Austin author, ‘Doctor Strange’ screenwriter puts his short story skills to test


Many short story collections bring together previously published work, assembling in one place pieces that an author’s fans might struggle to find in the wild.

“We Are Where the Nightmares Go and Other Stories,” the first short fiction collection from Austin-based author and screenwriter C. Robert Cargill, is not such a set.

“We Are Where the Nightmares Go” is the work of a man whose hands do not rest.

“I have a really dedicated work ethic,” Cargill says from his new home in Austin, which he just moved into the day before with his wife. “I make sure I am doing some writing at all times.

“When I am not working on a movie, or I’ve got a novel that’s been turned in, I don’t just take a couple of weeks off and play video games,” he says. “I take ideas that have been knocking around and write it down.”

Some of these ideas become novels and movies. Cargill co-wrote the Marvel Cinematic Universe movie “Doctor Strange” as well as “Sinister” and “Sinister 2” with his screenwriting partner Scott Derrickson. On his own, Cargill wrote the novels “Dreams and Shadows,” “Queen of the Dark Things” and “Sea of Rust.”

But some ideas feel best as short stories, stories that Cargill kept and didn’t do anything with. “I wasn’t really gung-ho to take them to short story markets, because there aren’t very many short story publications that most people are familiar with,” Cargill says.

Only three of the stories in this collection have been published elsewhere. “A Clean White Room,” which Cargill wrote with Derrickson, appeared in “The Blumhouse Book of Nightmares,” and “I Am the Night You Never Speak Of” showed up in “Midian Unmade: Tales of Clive Barker’s Nightbreed,” both anthologies to which Cargill was asked to contribute. The third story, “As They Continue to Fall,” only appeared briefly online.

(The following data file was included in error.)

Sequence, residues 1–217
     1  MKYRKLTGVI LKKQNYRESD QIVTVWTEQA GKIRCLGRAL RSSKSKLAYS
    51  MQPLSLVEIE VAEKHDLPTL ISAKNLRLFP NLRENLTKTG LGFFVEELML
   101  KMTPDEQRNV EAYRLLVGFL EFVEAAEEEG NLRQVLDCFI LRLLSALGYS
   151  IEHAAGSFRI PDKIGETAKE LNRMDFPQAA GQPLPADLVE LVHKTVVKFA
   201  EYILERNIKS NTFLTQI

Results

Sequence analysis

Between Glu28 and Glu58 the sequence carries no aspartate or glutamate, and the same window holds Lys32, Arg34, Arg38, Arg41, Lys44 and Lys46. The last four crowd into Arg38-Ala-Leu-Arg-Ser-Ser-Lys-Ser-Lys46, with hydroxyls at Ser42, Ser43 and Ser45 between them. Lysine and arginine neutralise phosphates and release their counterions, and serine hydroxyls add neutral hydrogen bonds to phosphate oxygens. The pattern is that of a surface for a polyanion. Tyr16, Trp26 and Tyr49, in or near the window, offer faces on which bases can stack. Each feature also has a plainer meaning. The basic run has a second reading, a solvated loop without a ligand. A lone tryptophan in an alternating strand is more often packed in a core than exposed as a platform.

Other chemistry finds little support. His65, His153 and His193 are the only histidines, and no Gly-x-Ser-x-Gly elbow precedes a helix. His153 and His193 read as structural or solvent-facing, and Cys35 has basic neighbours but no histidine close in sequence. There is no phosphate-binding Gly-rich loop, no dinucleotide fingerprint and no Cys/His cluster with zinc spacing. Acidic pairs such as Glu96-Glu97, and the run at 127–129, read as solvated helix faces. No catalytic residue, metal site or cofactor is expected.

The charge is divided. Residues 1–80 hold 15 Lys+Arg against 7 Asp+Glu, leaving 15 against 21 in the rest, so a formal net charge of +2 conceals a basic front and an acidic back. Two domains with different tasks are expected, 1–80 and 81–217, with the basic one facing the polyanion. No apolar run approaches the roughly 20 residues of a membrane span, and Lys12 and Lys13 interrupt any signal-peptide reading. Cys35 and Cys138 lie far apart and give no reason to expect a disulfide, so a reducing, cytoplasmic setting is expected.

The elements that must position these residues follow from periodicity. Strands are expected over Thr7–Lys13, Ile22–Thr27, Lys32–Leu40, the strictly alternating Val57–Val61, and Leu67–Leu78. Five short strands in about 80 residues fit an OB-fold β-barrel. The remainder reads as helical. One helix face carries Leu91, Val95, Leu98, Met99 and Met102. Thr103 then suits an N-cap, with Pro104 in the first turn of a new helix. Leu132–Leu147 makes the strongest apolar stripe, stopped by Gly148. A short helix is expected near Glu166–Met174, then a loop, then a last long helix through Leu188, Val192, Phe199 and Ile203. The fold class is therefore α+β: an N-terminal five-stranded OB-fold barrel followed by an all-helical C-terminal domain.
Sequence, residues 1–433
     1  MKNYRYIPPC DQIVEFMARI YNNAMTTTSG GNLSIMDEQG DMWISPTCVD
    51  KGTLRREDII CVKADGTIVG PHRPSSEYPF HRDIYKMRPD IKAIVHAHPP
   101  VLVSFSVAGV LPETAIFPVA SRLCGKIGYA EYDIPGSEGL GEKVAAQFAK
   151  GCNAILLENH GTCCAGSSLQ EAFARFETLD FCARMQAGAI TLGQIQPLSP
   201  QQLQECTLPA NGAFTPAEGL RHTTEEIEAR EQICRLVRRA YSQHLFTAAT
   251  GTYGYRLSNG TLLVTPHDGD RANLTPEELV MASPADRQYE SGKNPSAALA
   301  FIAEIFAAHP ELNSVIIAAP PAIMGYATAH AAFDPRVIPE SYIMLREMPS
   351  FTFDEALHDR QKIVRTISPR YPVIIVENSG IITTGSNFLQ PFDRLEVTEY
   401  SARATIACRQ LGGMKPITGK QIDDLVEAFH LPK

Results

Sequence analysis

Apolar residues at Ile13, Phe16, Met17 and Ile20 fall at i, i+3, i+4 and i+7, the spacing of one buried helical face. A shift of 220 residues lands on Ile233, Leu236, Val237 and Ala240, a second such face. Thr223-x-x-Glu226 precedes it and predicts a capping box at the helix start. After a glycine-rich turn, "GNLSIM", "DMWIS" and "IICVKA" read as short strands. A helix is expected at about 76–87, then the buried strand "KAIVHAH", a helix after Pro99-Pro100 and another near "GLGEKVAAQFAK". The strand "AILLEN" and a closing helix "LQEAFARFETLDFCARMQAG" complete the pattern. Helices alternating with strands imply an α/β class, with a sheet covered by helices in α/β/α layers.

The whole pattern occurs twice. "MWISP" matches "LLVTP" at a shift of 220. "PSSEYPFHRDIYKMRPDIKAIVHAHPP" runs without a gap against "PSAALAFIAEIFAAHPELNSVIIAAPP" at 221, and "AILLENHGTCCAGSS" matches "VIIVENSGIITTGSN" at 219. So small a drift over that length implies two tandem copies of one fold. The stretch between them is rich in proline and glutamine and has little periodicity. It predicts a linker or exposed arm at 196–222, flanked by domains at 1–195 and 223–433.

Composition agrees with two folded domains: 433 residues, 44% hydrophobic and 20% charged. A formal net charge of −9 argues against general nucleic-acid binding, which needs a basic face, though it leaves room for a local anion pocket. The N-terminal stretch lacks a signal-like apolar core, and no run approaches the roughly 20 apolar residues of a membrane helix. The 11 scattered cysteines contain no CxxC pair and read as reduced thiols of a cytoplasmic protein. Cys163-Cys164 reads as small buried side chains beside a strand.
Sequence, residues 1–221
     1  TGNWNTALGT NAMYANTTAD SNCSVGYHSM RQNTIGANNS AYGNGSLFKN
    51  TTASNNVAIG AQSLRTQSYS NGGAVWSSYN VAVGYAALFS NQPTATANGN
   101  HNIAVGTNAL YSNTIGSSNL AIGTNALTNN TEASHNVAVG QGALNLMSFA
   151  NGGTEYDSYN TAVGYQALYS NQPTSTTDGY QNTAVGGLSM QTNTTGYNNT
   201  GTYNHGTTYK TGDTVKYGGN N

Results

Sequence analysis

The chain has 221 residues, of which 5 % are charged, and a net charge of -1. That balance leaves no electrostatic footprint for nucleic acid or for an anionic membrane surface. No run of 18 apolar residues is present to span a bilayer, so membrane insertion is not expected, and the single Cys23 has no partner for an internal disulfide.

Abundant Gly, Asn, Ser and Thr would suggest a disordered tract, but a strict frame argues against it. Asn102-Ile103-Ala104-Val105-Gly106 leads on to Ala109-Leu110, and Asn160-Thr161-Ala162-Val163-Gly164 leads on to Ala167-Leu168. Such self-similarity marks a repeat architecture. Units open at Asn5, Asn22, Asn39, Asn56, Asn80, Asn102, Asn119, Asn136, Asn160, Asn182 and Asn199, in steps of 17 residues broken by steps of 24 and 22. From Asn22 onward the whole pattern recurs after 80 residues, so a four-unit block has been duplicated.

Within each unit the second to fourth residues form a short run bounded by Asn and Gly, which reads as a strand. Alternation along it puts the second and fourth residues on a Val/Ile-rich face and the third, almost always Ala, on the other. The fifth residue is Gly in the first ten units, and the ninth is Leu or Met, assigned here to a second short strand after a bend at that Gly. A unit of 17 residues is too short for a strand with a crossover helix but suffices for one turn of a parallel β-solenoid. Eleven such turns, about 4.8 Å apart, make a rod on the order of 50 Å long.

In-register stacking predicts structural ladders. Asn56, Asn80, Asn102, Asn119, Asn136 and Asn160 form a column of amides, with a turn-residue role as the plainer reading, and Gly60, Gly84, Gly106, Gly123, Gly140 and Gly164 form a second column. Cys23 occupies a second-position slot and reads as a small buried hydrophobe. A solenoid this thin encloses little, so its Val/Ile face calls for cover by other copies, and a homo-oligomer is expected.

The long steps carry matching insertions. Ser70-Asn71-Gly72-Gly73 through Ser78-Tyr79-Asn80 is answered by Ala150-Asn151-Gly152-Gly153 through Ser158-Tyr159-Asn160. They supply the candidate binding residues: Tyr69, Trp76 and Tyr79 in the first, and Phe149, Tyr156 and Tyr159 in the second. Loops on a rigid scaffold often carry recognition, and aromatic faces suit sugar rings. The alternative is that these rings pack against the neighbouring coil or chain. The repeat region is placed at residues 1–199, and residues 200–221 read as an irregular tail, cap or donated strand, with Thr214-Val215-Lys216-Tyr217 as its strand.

The other seven stories in this collection are brand-new to readers and run the fantasy and horror gamut. In “The Town That Wasn’t Anymore,” an Appalachian sheriff has to deal with a persistent possession problem. “Hell Creek” pits two dinosaurs against unknown forces. Two guys named Jake and Willy contemplate the end of the world in the perfectly titled “Jake and Willy at the End of the World.”

And the book’s closer, “The Soul Thief’s Son,” is a new, 74-page novella that acts as a sequel to Cargill’s fantasy novels “Dreams and Shadows” and “Queen of the Dark Things.”

Cargill started in the early 2000s as a film critic right as the film blog movement was getting off the ground. He wrote for sites such as Ain’t It Cool News, Spill.com and Film.com, among others. His first feature, “Sinister,” directed by Derrickson, earned $87 million against a $3 million budget. The sequel, “Sinister 2,” also did well. And “Doctor Strange” was one of Disney’s 2016 tentpoles.

Last year’s “Sea of Rust,” Cargill’s post-apocalyptic tale of a world ruled by the robots left behind after humanity has kicked the bucket, is one of six nominees for the Arthur C. Clarke Award, a British prize for the year’s best science fiction novel. The winner will be announced July 18 in the U.K.

So it feels like something new to see Cargill engage the short story, a format long considered the lifeblood of fantasy, horror and (especially) science fiction. Cargill sees a lot of growth potential in short-form audiobooks. “People want to sit down and listen for a half an hour to a short story,” he says. “They’re perfect for commutes.”

And there’s stuff you can do in short fiction that you can’t in film or novels. “Especially in terms of themes and crazy endings,” Cargill says. “The audience will accept things in a short story that novels and films just aren’t allowed to do. You can kill off all your characters in a really interesting, inventive way in a short piece, and the audience will love you for it. You spend 400 pages reading that (and then kill them all), the audience can get a little hacked off.”



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